2 students chosen for science recognition
Space center director to visit campus for presentation, lecture
Published: Sunday, October 13, 2013
Updated: Sunday, October 13, 2013 22:10
Rudder Theatre will host Col. Robert Cabana, Kennedy Space Center director and former space shuttle astronaut, as he presents awards granted by the Astronaut Scholarship Foundation to two Texas A&M students.
The lecture and scholarship presentation will take place at 10 a.m. on Oct. 28. The event is free of charge and faculty, staff and students are welcome to attend, although tickets will need to be obtained to enter Rudder Theatre.
Cabana will be at A&M to make a public address — focusing on his job as the director of one of NASA’s leading facilities and his experiences as an astronaut — and present the scholarships. In the past, the Astronaut Scholarship Foundation has sent other high-profile participants in the U.S. space program, such as Capt. James Lovell, one of the astronauts on the Apollo 13 mission, who made the address last year.
“These were the pioneers of their time,” said Sumana Datta, executive director of Honors and Undergraduate Research. “They had rockets explode. They often risked their lives going into space.”
The Astronaut Scholarship Foundation, established in 1984 by members of the Mercury space program, selects students across the country with exceptional performance in science, technology and engineering fields. The scholarship provides the recipients with $10,000 per year for the remainder of their undergraduate careers, whether one or two years.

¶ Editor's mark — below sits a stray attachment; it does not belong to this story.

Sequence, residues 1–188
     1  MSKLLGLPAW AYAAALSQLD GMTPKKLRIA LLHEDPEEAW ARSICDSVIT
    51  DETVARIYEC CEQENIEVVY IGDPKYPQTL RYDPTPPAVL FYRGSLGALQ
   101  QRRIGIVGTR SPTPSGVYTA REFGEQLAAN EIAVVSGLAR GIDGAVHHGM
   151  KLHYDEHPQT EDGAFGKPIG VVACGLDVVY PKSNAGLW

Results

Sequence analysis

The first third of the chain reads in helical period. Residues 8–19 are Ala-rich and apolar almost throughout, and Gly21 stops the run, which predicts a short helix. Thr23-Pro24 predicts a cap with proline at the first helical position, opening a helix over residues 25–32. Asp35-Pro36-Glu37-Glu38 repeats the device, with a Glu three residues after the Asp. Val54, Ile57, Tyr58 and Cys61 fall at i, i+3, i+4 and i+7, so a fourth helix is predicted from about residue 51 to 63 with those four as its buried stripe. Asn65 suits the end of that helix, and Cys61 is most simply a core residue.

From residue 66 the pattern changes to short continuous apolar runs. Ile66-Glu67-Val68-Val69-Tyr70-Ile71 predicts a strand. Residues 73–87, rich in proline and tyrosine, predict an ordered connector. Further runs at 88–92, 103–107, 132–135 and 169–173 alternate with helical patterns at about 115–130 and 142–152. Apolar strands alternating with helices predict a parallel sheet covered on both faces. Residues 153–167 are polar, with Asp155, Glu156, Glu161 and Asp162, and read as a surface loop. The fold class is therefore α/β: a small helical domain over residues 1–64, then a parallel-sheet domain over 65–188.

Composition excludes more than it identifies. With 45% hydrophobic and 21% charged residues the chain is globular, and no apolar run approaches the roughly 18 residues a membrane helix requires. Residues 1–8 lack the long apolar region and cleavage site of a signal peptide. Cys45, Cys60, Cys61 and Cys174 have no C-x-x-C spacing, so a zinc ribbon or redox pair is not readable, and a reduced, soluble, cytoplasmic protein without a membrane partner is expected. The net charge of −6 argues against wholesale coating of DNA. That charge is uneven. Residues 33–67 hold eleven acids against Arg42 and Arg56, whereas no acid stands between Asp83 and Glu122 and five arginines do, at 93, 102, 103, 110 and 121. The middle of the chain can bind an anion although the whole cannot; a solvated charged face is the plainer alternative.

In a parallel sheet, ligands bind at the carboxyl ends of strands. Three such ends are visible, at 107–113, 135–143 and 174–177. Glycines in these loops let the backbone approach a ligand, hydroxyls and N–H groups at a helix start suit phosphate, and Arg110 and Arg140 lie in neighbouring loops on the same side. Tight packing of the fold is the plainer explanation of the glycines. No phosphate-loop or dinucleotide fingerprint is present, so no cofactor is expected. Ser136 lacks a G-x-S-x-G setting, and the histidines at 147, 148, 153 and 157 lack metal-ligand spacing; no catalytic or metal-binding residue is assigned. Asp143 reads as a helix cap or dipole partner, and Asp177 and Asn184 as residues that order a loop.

“A&M is one of the lucky few institutions able to be granted these awards,” Datta said. “The scholarship is given to those students who have a proven track record of research and creativity.”
The recipients of this year’s awards are Amanda Couch, senior electrical engineering major, and Dillon Amaya, senior meteorology major, who have each amassed expertise in their fields over the course of their undergraduate careers. Couch has conducted research in the field of electromagnetics, space communications and antenna design in addition to interning at the ISS Electrical Power Systems at Boeing.
Amaya’s interest is paleoclimate research, and he has participated in research in multiple aspects of his field. Both have co-authored multiple scholarly publications.
Couch said she is both thrilled to be a recipient and honored to meet Cabana.
“I’m really excited about it,” Couch said. “It’s an honor and I’m glad the foundation has selected me. He’s an astronaut and I get to hear him speak and have lunch with him.”
Couch said she has always had an interest in the field of space communications.
“I’ve always found it fascinating how things work together,” Couch said. “I’ve always been interested in space, that’s how I got involved in space communication, particularly how things communicated wirelessly rather than through a line, like how satellites work.”
Couch said she got involved in undergraduate research because she thought she might want to pursue it as a career. She said that her opportunities in the lab have translated to the classroom.
“I had an idea that I wanted to do research full-time as a career, and I was shown a list of projects and the project that involved antennas sounded the most interesting, so I started working at the antenna lab at A&M,” Couch said. “Research taught me a lot of valuable skills for the work force, it’s improved my presentation ability, and it’s really [helped] round out what I learn in class.”
This year marks the first year the award has not been limited to one student per school.
“We are thrilled that two of our students were selected for this prestigious award this time, when typically it has been one recipient in the year awarded,” Datta said. “This tells us that the Astronaut Scholarship Foundation recognizes the academic strength we have among our students here at Texas A&M.”
Chandra Kovvali, freshman general studies major, said she would be interested in attending the event for the opportunity of listening to Cabana’s experiences in space.
“Cabana had the opportunity to conduct experiments in space,” Kovvali said. “Cabana’s interesting experiences could spark an interest in those who are keen in conducting research.”